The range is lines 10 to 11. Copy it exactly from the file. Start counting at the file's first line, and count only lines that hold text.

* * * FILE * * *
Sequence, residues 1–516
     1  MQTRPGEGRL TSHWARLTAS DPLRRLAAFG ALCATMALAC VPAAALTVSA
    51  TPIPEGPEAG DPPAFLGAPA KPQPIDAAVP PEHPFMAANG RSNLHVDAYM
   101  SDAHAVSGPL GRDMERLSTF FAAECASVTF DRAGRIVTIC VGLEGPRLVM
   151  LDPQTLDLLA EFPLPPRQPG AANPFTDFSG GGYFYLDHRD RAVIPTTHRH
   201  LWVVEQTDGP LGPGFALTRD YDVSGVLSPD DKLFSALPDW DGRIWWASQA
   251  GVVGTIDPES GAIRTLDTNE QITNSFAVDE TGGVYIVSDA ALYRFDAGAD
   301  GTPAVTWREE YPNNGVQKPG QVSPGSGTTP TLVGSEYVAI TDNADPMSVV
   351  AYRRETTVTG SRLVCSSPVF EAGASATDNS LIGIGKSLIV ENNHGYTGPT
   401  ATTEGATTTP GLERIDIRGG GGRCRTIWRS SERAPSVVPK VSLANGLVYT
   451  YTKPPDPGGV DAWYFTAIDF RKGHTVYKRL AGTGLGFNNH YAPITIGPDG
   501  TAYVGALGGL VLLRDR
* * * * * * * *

   401  ATTEGATTTP GLERIDIRGG GGRCRTIWRS SERAPSVVPK VSLANGLVYT
   451  YTKPPDPGGV DAWYFTAIDF RKGHTVYKRL AGTGLGFNNH YAPITIGPDG